After almost two decades’ investing in Indian companies, I have learnt that building long-term relationships with the management teams of quality companies is key to delivering sustainable outcomes for our investors. This article outlines some of the reasons why now, more than ever, India is an attractive market for global investors seeking diversification and growth.
Small is beautiful
India is one of the oldest stock markets in the world, and has about 6,000 listed companies. Even if you apply basic governance and growth filters, there are more companies in India to choose from than in many other emerging markets.
In India, only around 10 per cent of listed companies have a market capitalisation above US$200 million. This compares to China, where firms of that size and above account for 80 per cent of the market.
Many of the companies in India are still relatively small, meaning there is a lot of scope for growth. It’s an untapped market in many ways: with a population of 1.4 billion people increasing their consumption of various goods and services, there is amazing potential for these companies to become a lot bigger in years to come.
Alignment of interests
In India, there are many family-owned companies, where the managers think of their business in a multigenerational way.
When you meet these owners and managers, you can have discussions ranging from board composition and independence, to remuneration, succession and ESG matters. These conversations are very long-term and strategic in nature. It helps us find alignment with them, which is a key part of our investment process. We need to see this alignment to have the conviction to buy these companies and hold them for the long-term.
Ability to engage
Our entire investment process is predicated on establishing whether a company meets our standards to invest in it. But there are no perfect businesses, and once we establish that a company is investible, we can start to engage with its management team on ways the business can improve.
The key is to demonstrate to these companies that we are partners for the long-term, and not just here to make a quick dollar. As a long-term shareholder, we see ourselves in the same boat as the people running the company. In our team, we often say that it is better to travel than to arrive, and we see a relationship with these companies as a journey.
All of our engagements, whether it is through meetings with the managers or letters that we write, focus on learning about the business and offering suggestions to improve.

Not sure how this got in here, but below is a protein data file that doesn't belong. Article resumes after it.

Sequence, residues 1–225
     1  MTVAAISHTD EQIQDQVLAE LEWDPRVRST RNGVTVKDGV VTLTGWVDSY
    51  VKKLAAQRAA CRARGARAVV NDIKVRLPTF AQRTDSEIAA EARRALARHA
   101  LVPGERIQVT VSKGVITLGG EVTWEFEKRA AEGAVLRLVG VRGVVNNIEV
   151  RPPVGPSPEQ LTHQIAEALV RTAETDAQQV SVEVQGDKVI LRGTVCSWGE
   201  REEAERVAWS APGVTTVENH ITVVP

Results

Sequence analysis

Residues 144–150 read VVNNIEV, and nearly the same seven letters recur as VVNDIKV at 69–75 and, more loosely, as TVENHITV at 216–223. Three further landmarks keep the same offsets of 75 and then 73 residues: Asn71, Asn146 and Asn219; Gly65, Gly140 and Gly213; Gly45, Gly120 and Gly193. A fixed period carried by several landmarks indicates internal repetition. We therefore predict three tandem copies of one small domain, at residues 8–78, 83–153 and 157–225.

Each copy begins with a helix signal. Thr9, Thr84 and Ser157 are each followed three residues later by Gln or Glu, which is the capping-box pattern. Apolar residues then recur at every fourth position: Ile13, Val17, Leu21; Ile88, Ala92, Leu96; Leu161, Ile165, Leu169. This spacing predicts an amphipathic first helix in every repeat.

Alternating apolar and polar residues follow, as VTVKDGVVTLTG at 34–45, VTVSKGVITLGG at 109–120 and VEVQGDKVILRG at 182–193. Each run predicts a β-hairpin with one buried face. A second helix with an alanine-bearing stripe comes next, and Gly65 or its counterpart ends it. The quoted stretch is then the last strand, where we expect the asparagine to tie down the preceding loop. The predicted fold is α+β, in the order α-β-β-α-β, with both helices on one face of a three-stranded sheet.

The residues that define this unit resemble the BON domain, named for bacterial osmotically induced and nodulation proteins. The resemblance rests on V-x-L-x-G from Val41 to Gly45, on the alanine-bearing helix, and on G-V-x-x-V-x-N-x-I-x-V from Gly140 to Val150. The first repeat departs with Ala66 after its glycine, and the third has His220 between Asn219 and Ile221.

Willingness to improve
Through these engagements, we want to gauge whether the company’s managers are willing to listen to its stakeholders. If they listen to us, a shareholder, it tells us something about the culture of the company. Tomorrow, it might be a vendor, a distributor or an employee who has something to share with management, and we want to know they will be heard.
For example, we raised our concerns with the Mahindra Group about their approach to capital management. We wrote to the chairman, and he acknowledged the issues in his reply, outlining the actions they were taking to improve. Moreover, when we subsequently met the new deputy chief executive, he was brandishing the letter we had written, ready and willing to discuss it.
This episode spoke volumes about the culture there and increased our conviction in the different Mahindra Group companies that we own.
Positioned for the recovery
We are invested in companies that are market leaders, have higher return on capital and have gained market share through the cycles. Last year, during COVID, as businesses were struggling and markets were volatile, we had the opportunity to invest in high-quality businesses that we were watching from the sidelines, and to increase our positions in existing investments.
The FSSA India Equities portfolio is diversified across several sectors where we predict strong growth over the long-term: consumer companies, financials, infrastructure and industrials.
In terms of infrastructure, we don’t invest in asset owners directly, because they tend to be very leveraged, and in many cases, have low corporate governance standards. But we invest in companies that are suppliers to these businesses, which should benefit from rising infrastructure spend or industrial activity.
Positive regulatory settings
India has certainly faced challenges in terms of its economy and regulations over the past decade. Between 2002 and 2012, Indian corporate earnings increased by almost five times, but over the last eight years, it has been almost flat.
There were several reasons behind this slump. In the early 2010s, a lot of corruption and scams came to light and in many cases, these were felt in the Indian financial system – many Indian banks found themselves with broken balance sheets.
There was a freeze in decision-making and a freeze in the economic system, which resulted in a massive slowdown. In 2014, when Narendra Modi became Prime Minister and the Bharatiya Janata Party (BJP) came into power, they implemented a number of positive reforms such as goods and services tax (GST).
While GST initially resulted in chaos and confusion, and a slowdown in the economy, things are now coming together. Those teething issues have been addressed and we’re now seeing an increasing rate of formalisation in the economy because of the reforms. The economy is now set for future success and we have a positive outlook for Indian equities.
Vinay Agarwal, director, FSSA Investment Managers
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